The UK’s five worst public art projects

Tracey Emin Roman StandardThat is obviously a misleading headline. The two worst public art projects in recent memory are evidently the Diana Memorial Fountain, which wasn’t much of a fountain never mind a memorial, and B of the Bang, Thomas Heatherwick’s glorious but spike-shedding testament to the then eternally popping dreams of Manchester City fans from 2005. But we all know about them, their failures were primarily functional rather than aesthetic, both are now defunct and they’ve got more than enough stiff competition thanks to the enduring desire of companies and councils up and down the land to make a statement in our public places with little regard for aesthetics or practicality.

The Roman Standard Tracey Emin

Artist: Tracey Emin

Liverpool Cathedral

You tell me you’ve seen seven wonders, and your bird can sing… Self-styled cuckoo ‘Mad Tracey’ was handed 60 grand of licence-payers’ money by the BBC and spent it on a washing-pole with a copper sparrow perched on top. Her tribute to the Liver Birds, who Tracey believes are ‘fictional’ (and presumably called Beryl and Sandra) was soon stolen from its perch. It was later returned wrapped in a note containing an apology written in a childish hand saying: ‘Couldn’t get rid of it, not for no money’.


6497025-lgThe Angel of The North

Artist: Anthony Gormley


Much-loved iconic symbol of the North-East’s glorious industrial past, redolent of its people’s famous grit and determination, and also of their warmth, with its arms angled to give a sense of embrace. But on the other hand, it’s out of scale, speaks above all else of a monumental ego, and if it were situated in the Fatherland would remind Geordies and the rest of us of nothing so much as the monomaniacal ambitions of the Führer, and we’re not talking about Alan Shearer.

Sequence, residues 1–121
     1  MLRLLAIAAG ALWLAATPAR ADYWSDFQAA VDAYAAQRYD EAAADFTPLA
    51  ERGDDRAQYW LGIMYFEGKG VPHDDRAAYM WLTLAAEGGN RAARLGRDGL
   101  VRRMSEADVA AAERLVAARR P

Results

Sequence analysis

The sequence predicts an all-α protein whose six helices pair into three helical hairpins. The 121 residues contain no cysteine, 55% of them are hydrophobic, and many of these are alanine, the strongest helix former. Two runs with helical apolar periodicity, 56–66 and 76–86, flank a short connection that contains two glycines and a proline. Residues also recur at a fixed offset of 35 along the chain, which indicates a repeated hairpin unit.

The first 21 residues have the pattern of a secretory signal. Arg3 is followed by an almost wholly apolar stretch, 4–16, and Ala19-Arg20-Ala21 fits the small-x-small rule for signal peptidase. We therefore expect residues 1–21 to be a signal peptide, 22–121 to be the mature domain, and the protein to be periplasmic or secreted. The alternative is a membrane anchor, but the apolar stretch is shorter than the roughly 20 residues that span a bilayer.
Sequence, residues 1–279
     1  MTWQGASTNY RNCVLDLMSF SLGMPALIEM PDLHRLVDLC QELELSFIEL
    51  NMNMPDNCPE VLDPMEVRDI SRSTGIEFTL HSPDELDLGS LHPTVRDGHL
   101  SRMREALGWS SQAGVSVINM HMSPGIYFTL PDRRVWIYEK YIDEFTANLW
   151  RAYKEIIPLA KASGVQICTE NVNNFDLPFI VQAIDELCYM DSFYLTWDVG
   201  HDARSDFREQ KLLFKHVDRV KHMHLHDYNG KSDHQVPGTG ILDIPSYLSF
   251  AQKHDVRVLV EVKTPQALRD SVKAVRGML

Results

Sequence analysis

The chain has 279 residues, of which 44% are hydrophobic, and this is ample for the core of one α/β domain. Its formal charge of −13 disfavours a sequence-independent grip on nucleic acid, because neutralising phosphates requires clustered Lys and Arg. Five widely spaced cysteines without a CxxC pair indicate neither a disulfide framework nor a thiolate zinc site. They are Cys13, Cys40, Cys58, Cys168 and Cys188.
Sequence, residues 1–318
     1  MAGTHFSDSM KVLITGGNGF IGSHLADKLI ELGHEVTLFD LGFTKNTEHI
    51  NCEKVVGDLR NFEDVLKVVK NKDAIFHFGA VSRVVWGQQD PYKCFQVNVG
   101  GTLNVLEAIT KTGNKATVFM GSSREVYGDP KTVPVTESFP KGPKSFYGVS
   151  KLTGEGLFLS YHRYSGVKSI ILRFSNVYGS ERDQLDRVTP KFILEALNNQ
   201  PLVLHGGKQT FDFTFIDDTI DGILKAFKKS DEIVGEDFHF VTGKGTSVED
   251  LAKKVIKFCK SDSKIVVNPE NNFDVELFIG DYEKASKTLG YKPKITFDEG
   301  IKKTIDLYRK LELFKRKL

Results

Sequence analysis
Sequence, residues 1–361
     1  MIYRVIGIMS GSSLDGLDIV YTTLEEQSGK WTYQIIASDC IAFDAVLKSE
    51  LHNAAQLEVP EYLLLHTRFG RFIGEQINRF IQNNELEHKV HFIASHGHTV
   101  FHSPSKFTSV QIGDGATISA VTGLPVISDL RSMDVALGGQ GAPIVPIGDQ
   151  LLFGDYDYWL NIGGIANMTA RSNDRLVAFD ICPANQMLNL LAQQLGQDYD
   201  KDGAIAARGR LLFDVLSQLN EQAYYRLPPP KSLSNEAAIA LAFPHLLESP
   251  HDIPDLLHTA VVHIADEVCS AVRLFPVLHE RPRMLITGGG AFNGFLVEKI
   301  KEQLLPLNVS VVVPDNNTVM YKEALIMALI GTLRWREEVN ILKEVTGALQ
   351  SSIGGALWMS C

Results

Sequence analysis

Artist: Richard Serra

Location: Liverpool Street Station

Five plates of core-ten steel which have intentionally rusted to add patina to the surfaces. The sculpture is a free-standing collection of off-cuts such as those found under the benches after 4B have finished their metal-work class. The plates are designed to lean against each other, rather like the drunks who use it as a pissoir at any time of the day or night adding their own particular patina to the surface before stumbling off for a pasty and to catch their trains home to Chelmsford.


539457519_8a6be7a475An Turas Ferry Shelter

Architects: Sutherland Hussey

Tiree, Scotland

A piece of architecture re-imagined as art by the critics. From a mile away, it looks like ‘a place of subtle insight, poetically conceived;’ close up it looks like a place best seen from a mile away. Neither a barn in the middle of a field, nor a nuclear bunker, this award-winning bus stop has all the shape, texture and variety of a box of porridge oats. But let’s look on the bright side: at least it’s not modelled on a clootie dumpling.


483125980_19530ccf3bTen Guardians

Artist: Howard Ben Tré

A perfect example of council precinct junk – and an expensive one at that. The Guardians supposedly symbolise the people who have protected or worked for Warrington. Instead the project appalled the plain speaking locals and not just because of the reputed £5 million price tag. Quickly renamed the ‘Skittles’, nobody could have predicted that their surfaces would soon be covered in graffiti. Nobody at the council that is. As councils up and down the country grapple with budget cuts and reduced services, the main role of the Ten Guardians is as the touchstone for people’s discontent.